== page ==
A CARLISLE councillor has called for a plan to be put in place to dredge the city's rivers, to help reduce a risk of future flooding.

Botcherby and Harraby North independent city councillor Jack Paton will call for a plan for the dredging of Carlisle's rivers to be put in place at the local authority's upcoming meeting on Tuesday.

Mr Paton said that a "phenomenal amount of money" has been spent on flood defences in Carlisle since Storm Desmond in 2015.

He said that this investment in flood defences, form the city council, county council and Environment Agency has been "greatly appreciated by all".

"However no thought about dredging the rivers has been put in place," he said.

"This would be greatly beneficial to all those residents who have gone through the misery and upheaval of the previous floods".

Mr Paton added that the impact of climate change is a "great factor" in considerations that should be made on actions taken to alleviate flood risk.

He hopes to see the city council work with the Environment Agency to put a river dredging and bank clearance plan of work in place across the riverbanks that run through its leisure areas, parks and golf course, which he said would give "peace of mind to all our residents".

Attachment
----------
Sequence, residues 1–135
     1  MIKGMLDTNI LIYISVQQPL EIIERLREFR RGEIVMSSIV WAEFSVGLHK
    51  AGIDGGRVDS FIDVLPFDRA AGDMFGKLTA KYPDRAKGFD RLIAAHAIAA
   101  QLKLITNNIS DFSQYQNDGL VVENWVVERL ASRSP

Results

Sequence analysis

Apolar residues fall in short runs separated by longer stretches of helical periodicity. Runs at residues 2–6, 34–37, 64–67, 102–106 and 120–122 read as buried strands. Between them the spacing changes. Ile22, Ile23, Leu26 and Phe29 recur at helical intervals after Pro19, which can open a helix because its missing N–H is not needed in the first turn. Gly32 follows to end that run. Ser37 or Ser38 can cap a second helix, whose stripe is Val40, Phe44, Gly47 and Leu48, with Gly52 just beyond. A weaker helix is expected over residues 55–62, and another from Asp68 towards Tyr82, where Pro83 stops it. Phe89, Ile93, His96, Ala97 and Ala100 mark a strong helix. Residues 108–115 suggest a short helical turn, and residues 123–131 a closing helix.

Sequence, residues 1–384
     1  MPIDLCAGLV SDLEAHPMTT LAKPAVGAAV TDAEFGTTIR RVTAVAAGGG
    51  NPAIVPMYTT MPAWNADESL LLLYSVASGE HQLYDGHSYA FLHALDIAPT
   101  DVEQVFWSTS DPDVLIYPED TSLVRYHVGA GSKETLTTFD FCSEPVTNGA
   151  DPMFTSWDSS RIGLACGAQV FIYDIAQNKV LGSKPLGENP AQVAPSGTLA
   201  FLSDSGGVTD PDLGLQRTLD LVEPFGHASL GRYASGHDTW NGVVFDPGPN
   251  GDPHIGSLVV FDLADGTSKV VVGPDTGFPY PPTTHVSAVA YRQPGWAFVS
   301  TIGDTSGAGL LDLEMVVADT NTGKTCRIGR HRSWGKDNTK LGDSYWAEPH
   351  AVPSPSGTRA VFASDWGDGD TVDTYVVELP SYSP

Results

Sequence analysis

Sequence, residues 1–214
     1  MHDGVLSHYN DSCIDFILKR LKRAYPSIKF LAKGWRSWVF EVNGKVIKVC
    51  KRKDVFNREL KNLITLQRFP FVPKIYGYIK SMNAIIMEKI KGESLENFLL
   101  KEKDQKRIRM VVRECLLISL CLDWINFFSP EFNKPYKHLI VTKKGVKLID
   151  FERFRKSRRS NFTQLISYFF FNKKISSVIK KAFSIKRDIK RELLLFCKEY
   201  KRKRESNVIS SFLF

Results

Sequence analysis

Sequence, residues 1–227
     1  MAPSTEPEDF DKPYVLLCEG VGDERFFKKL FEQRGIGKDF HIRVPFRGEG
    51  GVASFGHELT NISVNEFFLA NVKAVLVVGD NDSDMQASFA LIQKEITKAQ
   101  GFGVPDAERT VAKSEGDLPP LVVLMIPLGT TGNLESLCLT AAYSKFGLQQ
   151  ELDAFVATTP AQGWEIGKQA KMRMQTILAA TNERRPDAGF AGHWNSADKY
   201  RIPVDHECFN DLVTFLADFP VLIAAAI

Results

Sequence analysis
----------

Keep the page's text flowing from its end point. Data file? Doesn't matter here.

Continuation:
The chairman of the Carlisle Flood Action Group, John Kelsall, said that river dredging was action the group has been keen to see carried out for "many years".

However Mr Kelsall said that it would not be enough to dredge rivers once - he said in order to effectively reduce flood risk through dredging, it must be done annually.

He said there is a particular concern over gravel and silt in relation to the River Caldew.

"A recent study by Salford University into the River Caldew concluded that the erosion is greater than the amount that is expelled to the Solway and the Eden," Mr Kelsall said.

"This means that every year there is an accumulation of gravels and silt in the river."

He explained that the steady layering of gravel and silt lifts the river bed higher, leaving it more flood-prone.

Allowing a river to "wild" - to leave alone and let it take its course - is not something Mr Kelsall believes should be done, as most rivers come into contact with the built environment.

"When a water course comes down a fell, as soon as it meets a bridge, it becomes an engineered entity," he said.

"Human beings have a responsibility by putting a bridge over a river or stream, to maintain and monitor that course.

"We say quite emphatically that maintenance needs to be done in the way that it used to be done."